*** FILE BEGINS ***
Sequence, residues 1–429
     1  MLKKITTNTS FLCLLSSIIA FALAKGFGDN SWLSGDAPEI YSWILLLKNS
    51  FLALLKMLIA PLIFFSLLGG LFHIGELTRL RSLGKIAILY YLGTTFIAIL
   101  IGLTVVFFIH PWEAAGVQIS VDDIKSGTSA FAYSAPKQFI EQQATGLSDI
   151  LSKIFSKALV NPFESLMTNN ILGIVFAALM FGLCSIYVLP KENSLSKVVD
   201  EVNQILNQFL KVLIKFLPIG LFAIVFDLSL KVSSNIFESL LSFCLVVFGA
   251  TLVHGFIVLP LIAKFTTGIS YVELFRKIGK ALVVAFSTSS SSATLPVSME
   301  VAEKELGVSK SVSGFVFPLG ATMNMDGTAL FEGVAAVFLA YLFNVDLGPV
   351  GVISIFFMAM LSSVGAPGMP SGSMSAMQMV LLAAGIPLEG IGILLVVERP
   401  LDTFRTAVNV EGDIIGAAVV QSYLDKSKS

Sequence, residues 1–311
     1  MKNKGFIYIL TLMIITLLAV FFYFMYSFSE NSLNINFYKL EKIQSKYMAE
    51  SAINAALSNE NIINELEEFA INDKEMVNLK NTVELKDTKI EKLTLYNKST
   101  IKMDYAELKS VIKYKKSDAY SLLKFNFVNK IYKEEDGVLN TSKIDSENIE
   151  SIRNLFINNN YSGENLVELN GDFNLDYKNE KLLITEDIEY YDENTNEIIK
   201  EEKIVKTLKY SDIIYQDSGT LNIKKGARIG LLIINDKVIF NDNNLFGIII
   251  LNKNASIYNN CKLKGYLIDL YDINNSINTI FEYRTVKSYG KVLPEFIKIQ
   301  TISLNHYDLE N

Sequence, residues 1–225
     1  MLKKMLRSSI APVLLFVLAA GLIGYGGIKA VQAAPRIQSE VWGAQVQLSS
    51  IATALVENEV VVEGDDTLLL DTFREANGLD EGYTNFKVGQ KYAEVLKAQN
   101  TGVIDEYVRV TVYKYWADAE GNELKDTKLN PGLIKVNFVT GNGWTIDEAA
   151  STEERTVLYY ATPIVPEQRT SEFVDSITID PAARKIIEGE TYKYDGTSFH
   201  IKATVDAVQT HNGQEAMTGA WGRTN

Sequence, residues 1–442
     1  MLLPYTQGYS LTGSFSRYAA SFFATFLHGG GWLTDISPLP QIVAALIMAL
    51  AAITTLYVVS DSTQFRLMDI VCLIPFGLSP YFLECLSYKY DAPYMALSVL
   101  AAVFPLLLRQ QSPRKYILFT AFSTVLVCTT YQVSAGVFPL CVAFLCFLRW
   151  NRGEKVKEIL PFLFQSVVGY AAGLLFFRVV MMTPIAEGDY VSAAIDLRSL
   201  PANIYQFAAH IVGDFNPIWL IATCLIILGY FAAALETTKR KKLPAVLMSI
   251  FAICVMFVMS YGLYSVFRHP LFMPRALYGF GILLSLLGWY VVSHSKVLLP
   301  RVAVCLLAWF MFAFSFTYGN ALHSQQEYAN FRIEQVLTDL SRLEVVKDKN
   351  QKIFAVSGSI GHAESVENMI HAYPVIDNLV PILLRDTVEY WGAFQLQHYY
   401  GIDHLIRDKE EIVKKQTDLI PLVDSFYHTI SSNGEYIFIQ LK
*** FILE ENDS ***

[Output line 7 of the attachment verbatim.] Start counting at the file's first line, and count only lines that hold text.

   251  TLVHGFIVLP LIAKFTTGIS YVELFRKIGK ALVVAFSTSS SSATLPVSME